|Image originally from Big Fish Games|
|Whoops. Wrong "Heartbreaker".|
So, I figure that, for now, I can just discuss where I see that project going. I'll describe the systems that interest me and why, give an overview of some of my initial thoughts, and throw it all out so that you readers can see something of how I think about gaming. It's not really a work of staggering genius - I am, after all, just thinking of ways to tie together the disparate designs of others in pursuit of an experience that I think I'd like.
The comment that got me thinking about that today, was in a YouTube comment thread (now incorporated into Google+) on a video that rehashes the old "D&D combat isn't realistic because armor shouldn't make you harder to hit" chestnut. I started out by giving the normal rebuttal "D&D combat is abstracted in these particular ways", and a couple comments later noted what I'd like to see in a roleplaying game's combat system: "I'd like a combat system that incorporates the detail and tactical choices of GURPS (including some of the high-detail options like 'The Last Gasp', which regulate the pacing of combat in an emergent way), the naturalistic scales of Swordbearer, and the descriptive wound system of Hârnmaster."
|This is your last warning.|
It's my opinion that, even if a point-buy design system is available for characters, a random system should also be available that is neither significantly better nor worse than any design choices available. I have a slight preference for the random generation to be the primary method, with point-buy being a modification of that. That said, any character "skills" or similar abilities should be given some measure of decision on the part of the player. My thinking is that innate attributes should be under less player control and learned skills and abilities should be under more player control.
|OK, one more warning.|
My current thinking is that innate attributes would be things that can be simulated for the character, rather than abstract things like "reasoning" that can't really be measured and are more of the realm of player ability. I'm considering a list of attributes that includes Physique (strength, toughness, size, and so on), Coordination (precision of movement), Health (resistance to disease, rate of healing, cardiovascular fitness, etc), Empathy (or "Sensitivity"; the ability to discern motivations and emotions of others), Willpower (mental durability), Perceptiveness (ability to notice or find things), and Leadership (natural talent with getting others to follow your lead). Obviously, these aren't revolutionary, but I think that they are a useful set of fundamental character descriptions.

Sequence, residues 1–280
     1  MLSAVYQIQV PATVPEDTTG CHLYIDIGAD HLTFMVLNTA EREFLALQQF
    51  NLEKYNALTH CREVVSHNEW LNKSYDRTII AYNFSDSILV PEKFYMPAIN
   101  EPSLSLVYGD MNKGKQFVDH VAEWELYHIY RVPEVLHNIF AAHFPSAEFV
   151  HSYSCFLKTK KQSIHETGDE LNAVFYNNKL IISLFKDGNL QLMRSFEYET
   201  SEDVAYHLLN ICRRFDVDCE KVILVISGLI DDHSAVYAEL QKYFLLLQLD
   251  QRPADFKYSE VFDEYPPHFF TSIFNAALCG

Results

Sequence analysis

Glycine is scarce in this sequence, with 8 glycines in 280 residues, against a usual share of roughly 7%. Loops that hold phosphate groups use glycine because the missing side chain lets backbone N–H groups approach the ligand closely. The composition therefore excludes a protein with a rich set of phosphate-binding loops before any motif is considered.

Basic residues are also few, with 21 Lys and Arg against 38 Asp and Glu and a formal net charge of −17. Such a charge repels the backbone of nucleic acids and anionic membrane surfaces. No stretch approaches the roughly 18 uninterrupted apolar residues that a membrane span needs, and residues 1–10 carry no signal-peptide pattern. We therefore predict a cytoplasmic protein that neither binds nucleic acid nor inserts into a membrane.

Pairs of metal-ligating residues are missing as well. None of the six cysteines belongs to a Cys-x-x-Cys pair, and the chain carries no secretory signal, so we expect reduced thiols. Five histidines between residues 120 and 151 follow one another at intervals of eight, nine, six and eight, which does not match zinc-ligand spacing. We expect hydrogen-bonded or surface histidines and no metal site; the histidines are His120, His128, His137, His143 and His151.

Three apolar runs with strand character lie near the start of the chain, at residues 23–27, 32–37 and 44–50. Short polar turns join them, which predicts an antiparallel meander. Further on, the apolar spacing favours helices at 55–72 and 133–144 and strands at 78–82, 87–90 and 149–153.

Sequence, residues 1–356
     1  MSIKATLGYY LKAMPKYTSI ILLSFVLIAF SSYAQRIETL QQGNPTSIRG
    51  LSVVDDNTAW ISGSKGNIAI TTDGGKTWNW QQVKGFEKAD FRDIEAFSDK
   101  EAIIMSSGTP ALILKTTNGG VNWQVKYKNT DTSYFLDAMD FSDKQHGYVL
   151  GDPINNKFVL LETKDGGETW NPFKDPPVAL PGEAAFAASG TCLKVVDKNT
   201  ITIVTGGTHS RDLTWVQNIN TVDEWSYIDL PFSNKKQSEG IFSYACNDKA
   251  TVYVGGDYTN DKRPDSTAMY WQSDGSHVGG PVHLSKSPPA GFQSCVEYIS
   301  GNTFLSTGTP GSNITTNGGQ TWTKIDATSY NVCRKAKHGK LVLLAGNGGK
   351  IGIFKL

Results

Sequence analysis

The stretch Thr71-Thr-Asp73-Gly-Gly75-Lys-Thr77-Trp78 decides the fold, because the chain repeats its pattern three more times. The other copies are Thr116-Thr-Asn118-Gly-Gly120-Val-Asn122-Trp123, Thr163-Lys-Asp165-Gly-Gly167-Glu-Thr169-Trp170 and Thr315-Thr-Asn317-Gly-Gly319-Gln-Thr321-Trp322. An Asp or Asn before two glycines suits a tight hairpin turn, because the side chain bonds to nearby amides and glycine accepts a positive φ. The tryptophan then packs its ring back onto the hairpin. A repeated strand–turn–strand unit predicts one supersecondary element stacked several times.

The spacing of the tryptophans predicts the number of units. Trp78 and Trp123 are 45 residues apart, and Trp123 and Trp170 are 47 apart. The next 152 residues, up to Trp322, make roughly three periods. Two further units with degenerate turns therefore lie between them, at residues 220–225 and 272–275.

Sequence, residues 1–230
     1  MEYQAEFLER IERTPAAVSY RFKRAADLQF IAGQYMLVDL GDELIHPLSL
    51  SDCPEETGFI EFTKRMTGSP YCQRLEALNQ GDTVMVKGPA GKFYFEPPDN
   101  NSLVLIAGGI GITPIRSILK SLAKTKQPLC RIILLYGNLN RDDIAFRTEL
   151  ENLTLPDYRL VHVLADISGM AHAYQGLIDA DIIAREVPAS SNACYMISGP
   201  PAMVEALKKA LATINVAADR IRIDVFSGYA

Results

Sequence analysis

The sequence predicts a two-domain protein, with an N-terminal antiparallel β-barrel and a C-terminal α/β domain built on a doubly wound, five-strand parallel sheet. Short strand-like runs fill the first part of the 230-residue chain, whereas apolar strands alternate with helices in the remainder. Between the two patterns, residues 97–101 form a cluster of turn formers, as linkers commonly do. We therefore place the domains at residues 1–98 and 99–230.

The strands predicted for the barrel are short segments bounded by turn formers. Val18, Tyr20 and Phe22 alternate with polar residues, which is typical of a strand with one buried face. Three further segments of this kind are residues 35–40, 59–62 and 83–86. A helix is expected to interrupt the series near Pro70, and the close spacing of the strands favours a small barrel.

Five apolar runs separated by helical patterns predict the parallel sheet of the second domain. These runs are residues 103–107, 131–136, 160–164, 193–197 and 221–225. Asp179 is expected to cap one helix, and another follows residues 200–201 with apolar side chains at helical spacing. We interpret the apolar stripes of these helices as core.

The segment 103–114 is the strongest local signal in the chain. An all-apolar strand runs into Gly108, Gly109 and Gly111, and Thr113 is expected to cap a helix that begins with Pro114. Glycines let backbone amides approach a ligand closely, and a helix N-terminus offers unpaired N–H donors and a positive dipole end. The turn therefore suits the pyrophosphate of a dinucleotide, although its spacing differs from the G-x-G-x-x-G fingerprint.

The next part of character creation is the set of learned abilities, usually called "skills" or the like. I have gained a new appreciation for limiting skill lists, even folding them into a single "class" or "template" for ease of character creation. I do confess, though, that I would prefer a template-style system, in which the character class would be designed from a set of options, allowing the player the choice of taking the pre-made template or building their own. I think that the best presentation of this would be to give the templates first, then provide a section or supplement that describes the method of putting together custom templates.
I have another potential system in mind which could be presented as a generation template, though it would be more difficult to implement. That would take the idea of treating a template as "previous experience" in the given profession and give a slightly flexible number of "hours of training" or similar measure of time spent improving skills, and then plug that into the normal training rules. I don't know if that would really work as well as I'd like, though. Maybe for a computer game. Still, I'd like to play around with the idea to see if I could get it to work.
A lot of skills should have default levels. Depending on how detailed I want the skills to get, that might either be only to a fixed number or it might be to other skills (so that "short sword" skill could default to "sword" skill at a penalty). I might divide combat skills up by stylistic considerations such as linear vs circular footwork and the like. Not really sure yet.
In addition to regular skills, I'd like to have special abilities. These would be similar to the Feats of WotC-era D&D and follow-ons or the Perks and Advantages of GURPS (or, for that matter, like the special abilities in Kits from 2nd edition AD&D, or even class features from all of the D&D editions). These would probably be treated as similar to skills, but with a specified training time (that would probably be modified by innate abilities, and maybe even skills). Another game that used a similar system was Top Secret, though not until some Dragon magazine articles and an official release with the Top Secret Companion. Those were the "College Courses" of that game.
I'd like to have "special use" systems for various activities. Social interaction, domain management, crafting/inventing, and combat come immediately to mind as areas that could use detailed presentations. The goal is to give the players options that they can use to tune their characters' approaches to events in the game.
|Waterhouse does magicians|
better than anyone.